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Simple question regarding task environment

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  • Bob Riley
    I am starting on some of the computing exercises in chapter 2 and have a question regarding task environment. According to the book, task environment is
    Message 1 of 4 , Apr 19, 2004
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      I am starting on some of the computing exercises in chapter 2 and
      have a question regarding task environment. According to the book,
      task environment is specified by performance measure, environment,
      actuators, and sensors. The 1st two of these I can understand - but
      why are acuators and sensors included in the task environment?
      Shouldn't the task environment be the elements of interest outisde
      of the agent? Aren't sensors and actuators part of the agent
      itself? Upon first seeing this, I thought that my interpretation of
      agent may be wrong - maybe the agent is simply the program/function
      and the actuators and sensors are external entities that the agent
      interacts with. But there are several examples in this chapter
      where the actuators and sensors are considered to be part of the
      agent. Can someone clear this up? Is it just me or does the book
      seem to be altering the definition of agent in different parts of
      the chapter?

      Thanks,

      Bob
    • E etech058
      Hello bob, Do you mean the 3 concept s relationship? 1. environment 2. agent head 3. agent body My idea are as follows: 1. Every agent contains 2 parts, 1 is
      Message 2 of 4 , Apr 20, 2004
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        Hello bob,
        Do you mean the 3 concept's relationship?
        1. environment
        2. agent head
        3. agent body

        My idea are as follows:
        1. Every agent contains 2 parts, 1 is "agent head", the other is "agent body".
        2. The agent through its body's sensors to get percept from environment. The percept has been sent to "agent head" for process, and "head" produce out the "action". The "action" has been sent to "agent body" for execution. "execuation" will change some aspect of environment.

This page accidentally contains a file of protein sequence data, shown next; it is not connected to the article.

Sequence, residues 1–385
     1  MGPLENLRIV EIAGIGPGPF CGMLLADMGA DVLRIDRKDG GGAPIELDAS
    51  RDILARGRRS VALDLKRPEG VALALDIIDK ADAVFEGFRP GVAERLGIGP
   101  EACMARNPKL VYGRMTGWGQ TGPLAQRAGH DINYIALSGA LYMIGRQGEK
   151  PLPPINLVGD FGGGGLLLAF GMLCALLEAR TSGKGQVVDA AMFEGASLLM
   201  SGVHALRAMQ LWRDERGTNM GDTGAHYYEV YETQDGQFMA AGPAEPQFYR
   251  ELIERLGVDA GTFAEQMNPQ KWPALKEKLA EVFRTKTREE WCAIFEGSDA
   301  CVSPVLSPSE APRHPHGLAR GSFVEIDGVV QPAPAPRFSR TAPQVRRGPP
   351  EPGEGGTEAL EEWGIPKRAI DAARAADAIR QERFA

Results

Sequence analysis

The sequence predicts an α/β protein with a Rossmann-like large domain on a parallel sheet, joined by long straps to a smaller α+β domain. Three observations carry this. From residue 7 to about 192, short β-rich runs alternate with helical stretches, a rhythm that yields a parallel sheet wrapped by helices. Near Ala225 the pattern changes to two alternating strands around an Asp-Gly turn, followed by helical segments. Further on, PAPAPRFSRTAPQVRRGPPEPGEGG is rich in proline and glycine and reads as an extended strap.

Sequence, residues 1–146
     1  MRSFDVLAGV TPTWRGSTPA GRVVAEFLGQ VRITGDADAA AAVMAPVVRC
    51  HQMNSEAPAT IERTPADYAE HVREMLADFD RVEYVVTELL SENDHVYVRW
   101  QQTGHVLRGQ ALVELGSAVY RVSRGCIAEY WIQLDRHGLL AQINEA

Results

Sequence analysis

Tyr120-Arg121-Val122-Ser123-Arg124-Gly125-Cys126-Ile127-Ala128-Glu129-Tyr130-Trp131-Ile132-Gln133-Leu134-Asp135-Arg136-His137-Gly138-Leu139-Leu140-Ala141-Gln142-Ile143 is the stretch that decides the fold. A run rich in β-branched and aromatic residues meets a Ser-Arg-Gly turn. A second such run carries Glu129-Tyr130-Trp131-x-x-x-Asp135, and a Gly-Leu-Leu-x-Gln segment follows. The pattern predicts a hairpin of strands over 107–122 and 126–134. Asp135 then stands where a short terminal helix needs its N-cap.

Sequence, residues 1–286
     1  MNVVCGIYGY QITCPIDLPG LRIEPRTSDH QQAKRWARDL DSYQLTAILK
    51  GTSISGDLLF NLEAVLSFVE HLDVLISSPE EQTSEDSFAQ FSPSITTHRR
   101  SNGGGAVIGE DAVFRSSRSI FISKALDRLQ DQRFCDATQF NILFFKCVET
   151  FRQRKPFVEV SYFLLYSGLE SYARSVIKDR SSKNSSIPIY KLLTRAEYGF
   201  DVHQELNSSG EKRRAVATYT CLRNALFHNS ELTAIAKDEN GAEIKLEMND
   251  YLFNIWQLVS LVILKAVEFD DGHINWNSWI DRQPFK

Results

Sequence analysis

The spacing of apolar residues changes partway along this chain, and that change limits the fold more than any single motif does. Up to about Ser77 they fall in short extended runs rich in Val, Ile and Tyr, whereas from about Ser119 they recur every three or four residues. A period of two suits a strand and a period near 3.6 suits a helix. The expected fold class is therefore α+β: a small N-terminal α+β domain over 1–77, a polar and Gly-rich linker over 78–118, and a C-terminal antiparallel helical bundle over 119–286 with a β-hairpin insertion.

3. In the sourcecode of "aima-lisp-code\agents\agents\agents.lisp" file, it contains Mr. Author's design Decision mark.
        ====quotation start==============
        ;; We have decided that the agent and its body are two separate objects.
        ;; We could have combined the agent and its body into one object. But then
        ;; each new type of agent would need to inherit from both AGENT and some
        ;; body type, such as OBJECT. This would require multiple inheritance,
        ;; which is part of CLOS, but is not in our simple implementation for those
        ;; who don't have CLOS. In any case, it would get messy. We think that
        ;; separating agents from agent-bodies is a good thing for this
        ;; implementation. (Just don't take it too far and assume that this says
        ;; anything about the mind-body problem.)
        ====quotation end================


        I hope the above information is useful to you.
        Kind regards
        chenyu
      • Mauricio Amaral de Almeida
        Someon please correct me if I wrong, but in my interpretation the actuators as in conceptualy part of the agent. But when you make a software implementation on
        Message 3 of 4 , Apr 20, 2004
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          Someon please correct me if I wrong, but in my interpretation the actuators as
          in conceptualy part of the agent.
          But when you make a software implementation on the pair agent-environment you
          have to implement the actuatror, and the sensor for that matter, as methods
          of the class environment.
          That is so for you to be able to decouple the agent and the environment. In
          that way when an agent want to act over an environment it should call the
          proper method in the class environment.
          This is in fact the best way to do this because doing things this way the
          agent doesn't need to know the environment internal structure.

          Mauricio